Editor’s note: The following content was originally scheduled for the AAOS Now Daily Edition, which publishes each year onsite at the AAOS Annual Meeting, but this year’s meeting in March was canceled due to COVID-19. Despite the cancellation, members can access virtual content from the Annual Meeting by visiting the Academy’s Annual Meeting Virtual Experience webpage at aaos.org/VirtualAAOS2020.
A study that was presented as part of the Annual Meeting Virtual Experience evaluated outcomes with three major approaches for primary total hip arthroplasty (THA) and found that a surgical approach was a statistically significant factor for pain at one year but did not have a significant effect on physical function or activity scores or on reoperation rates. Overall, no clinically meaningful differences were found among the approaches.
The study, presented by James Bircher, DO, a resident at Cleveland Clinic–South Pointe Hospital, compared one-year patient-reported outcome measures (PROMs) of those who underwent THA by direct anterior (DA), transgluteal anterolateral (AL)/direct lateral (DL), or posterolateral (PL) approach. The PROMs were Hip Disability and Osteoarthritis Outcome Score (HOOS) pain subscore; HOOS-Physical Function Shortform (HOOS-PS); and University of California, Los Angeles (UCLA) activity score.
The study involved 2,455 patients who underwent primary unilateral THA for primary osteoarthritis. Procedures were performed by 20 surgeons across five facilities adhering to a standardized care pathway. Of the patients, 913 (38 percent) underwent DA, 505 (21 percent) underwent AL/DL, and 972 (41 percent) underwent PL approach.
At one year postoperatively, PROMs were available for 1,842 patients (77.1 percent) (Fig. 1). Surgical approach was a statistically significant factor for one-year HOOS pain score (P = 0.002), but the approach was not a significant factor for HOOS-PS (P = 0.16) or UCLA activity score (P = 0.382). There was no significant difference in one-year pain scores between patients receiving the DA approach and patients receiving the PL approach. However, patients receiving the AL/DL approach had statistically significantly lower (worse) HOOS pain scores than patients receiving the DA or PL approach (differences in median score, 3.47 and 2.43 lower on a 100-point scale, respectively, for patients with AL/DL approach).
Regarding their finding that patients receiving the AL/DL approach had statistically worse pain scores at one year than those with the DA or PL approach, the authors noted that the minimum clinically important differences in HOOS pain scores have been evaluated in multiple recent studies and are reported to be between nine and 36 points for individual patients. “The difference in HOOS pain scores in our study fall well below that threshold, which indicates that despite the statistically significant difference in pain scores among the surgical groups, no clinically meaningful difference exists,” they wrote. “Additionally, surgical approach was not a statistically significant factor in one-year function or activity, and there was no difference in one-year reoperation rates or 90-day readmission rates among approaches.”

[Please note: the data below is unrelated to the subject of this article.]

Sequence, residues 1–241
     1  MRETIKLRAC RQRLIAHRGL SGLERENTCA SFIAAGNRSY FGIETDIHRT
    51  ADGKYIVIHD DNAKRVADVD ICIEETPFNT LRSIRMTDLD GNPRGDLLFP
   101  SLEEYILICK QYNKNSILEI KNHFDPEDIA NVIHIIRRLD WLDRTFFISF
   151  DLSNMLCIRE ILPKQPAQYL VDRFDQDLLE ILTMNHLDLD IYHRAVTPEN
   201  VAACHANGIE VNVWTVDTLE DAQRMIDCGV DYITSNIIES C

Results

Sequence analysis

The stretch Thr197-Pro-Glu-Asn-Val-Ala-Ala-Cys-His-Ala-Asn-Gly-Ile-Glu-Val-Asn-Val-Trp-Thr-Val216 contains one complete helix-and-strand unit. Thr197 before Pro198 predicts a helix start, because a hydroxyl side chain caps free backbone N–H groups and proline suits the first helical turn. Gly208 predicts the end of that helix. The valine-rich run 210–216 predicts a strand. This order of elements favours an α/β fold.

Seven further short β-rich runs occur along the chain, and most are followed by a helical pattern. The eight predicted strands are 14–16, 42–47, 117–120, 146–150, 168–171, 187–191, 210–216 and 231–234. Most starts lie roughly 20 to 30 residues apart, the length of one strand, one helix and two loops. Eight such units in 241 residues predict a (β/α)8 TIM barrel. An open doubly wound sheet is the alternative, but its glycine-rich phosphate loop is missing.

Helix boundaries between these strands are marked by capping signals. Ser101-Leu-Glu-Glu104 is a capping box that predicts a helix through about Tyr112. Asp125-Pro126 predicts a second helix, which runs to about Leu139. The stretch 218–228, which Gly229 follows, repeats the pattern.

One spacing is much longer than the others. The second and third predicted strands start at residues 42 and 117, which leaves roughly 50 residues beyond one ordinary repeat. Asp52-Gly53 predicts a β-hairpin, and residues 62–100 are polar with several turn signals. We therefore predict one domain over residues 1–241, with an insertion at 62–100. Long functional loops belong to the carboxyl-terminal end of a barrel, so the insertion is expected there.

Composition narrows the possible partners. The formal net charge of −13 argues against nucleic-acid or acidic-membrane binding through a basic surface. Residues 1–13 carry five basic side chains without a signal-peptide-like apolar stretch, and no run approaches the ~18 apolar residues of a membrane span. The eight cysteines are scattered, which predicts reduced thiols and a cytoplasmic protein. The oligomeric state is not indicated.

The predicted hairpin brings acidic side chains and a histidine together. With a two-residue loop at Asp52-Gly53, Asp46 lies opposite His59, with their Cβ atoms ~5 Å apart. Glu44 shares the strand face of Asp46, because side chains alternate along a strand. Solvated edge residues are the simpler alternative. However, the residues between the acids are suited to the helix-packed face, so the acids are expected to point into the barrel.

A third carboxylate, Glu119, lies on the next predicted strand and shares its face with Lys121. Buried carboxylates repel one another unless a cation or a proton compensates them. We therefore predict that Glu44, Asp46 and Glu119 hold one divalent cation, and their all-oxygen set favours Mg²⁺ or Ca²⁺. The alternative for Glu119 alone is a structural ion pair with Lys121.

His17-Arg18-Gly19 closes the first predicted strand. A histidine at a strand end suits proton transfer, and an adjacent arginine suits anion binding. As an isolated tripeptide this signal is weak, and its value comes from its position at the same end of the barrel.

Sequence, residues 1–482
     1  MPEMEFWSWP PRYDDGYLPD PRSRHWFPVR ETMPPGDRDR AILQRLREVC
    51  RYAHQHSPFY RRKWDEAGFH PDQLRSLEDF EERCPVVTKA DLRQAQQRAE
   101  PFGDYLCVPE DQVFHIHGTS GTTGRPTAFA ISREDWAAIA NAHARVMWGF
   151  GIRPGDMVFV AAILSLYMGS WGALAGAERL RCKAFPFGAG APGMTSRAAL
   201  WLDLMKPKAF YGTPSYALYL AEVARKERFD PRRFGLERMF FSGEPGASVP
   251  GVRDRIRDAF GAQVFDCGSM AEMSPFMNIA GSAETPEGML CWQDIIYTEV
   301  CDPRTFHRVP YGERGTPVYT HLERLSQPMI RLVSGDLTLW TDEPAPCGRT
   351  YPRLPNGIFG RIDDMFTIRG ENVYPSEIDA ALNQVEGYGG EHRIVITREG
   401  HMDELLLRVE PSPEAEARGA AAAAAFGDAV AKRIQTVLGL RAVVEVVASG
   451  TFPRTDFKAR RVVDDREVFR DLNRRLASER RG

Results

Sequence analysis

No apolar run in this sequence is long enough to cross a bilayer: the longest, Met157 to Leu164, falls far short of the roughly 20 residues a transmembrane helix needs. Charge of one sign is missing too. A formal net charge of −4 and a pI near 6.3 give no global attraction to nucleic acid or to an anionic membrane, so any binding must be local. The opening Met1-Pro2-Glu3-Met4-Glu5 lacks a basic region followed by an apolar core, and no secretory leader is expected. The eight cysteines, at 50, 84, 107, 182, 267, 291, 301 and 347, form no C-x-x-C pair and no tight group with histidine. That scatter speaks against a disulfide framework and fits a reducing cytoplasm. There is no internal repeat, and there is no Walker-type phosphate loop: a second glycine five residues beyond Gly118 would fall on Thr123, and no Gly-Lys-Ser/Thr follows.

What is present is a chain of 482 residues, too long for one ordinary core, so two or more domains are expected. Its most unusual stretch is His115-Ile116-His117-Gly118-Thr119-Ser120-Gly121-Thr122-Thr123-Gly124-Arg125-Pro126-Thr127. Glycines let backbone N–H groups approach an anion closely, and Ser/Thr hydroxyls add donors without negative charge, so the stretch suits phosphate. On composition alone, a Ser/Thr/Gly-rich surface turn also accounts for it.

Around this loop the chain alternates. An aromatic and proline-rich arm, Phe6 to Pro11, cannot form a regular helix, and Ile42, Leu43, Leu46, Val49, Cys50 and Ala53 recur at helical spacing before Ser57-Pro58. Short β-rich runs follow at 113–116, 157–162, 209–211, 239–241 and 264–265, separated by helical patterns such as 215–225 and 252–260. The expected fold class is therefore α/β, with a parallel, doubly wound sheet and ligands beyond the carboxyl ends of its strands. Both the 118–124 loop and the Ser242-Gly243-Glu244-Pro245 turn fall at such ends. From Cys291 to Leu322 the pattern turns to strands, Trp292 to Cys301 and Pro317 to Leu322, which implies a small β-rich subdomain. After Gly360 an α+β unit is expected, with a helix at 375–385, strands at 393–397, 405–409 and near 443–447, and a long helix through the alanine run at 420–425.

Dr. Bircher said the results are consistent with several prospective studies with longer-term data showing no differences in pain, function, or activity one year postoperatively. A meta-analysis of five randomized, controlled trials with 475 patients comparing DA to DL approach in primary THA found no difference in Harris Hip Score (HHS), with follow-up ranging from three months to 48 months. A more recent systematic review and meta-analysis of prospective studies comparing DA versus PL approach found that patients treated with DA reported less pain, consumed fewer narcotics, and had better HHS, but that was limited to 90-day follow-up.
Dr. Bircher told AAOS Now that collection of longer-term PROM data remains necessary for evaluating the effects of approach on THA outcomes.
Among the limitations of the study, he said, are that it did not include short-term follow-up data regarding the various PROMs. “The approach was chosen by the surgeon based on their individual experience and preferences and was not randomized or controlled,” he said. “The inclusion of surgical procedures from multiple surgeons and uncertain adherence to care pathways does introduce additional variability. We did not assess the surgeon- or hospital-specific differences in PROMs.”
Dr. Bircher’s coauthors of “No Clinically Meaningful Difference in 1-Year Patient-Reported Outcomes among Major Approaches for Primary Total Hip Arthroplasty” are Atul F. Kamath, MD; Nicolas S. Piuzzi, MD; Alison Klika, MS; Carlos Higuera Rueda, MD; Kurt Spindler, MD; Gregory J. Strnad, MS; Alexander Zajichek; and Michael R. Bloomfield, MD.
Terry Stanton is the senior medical writer for AAOS Now. He can be reached at firstname.lastname@example.org.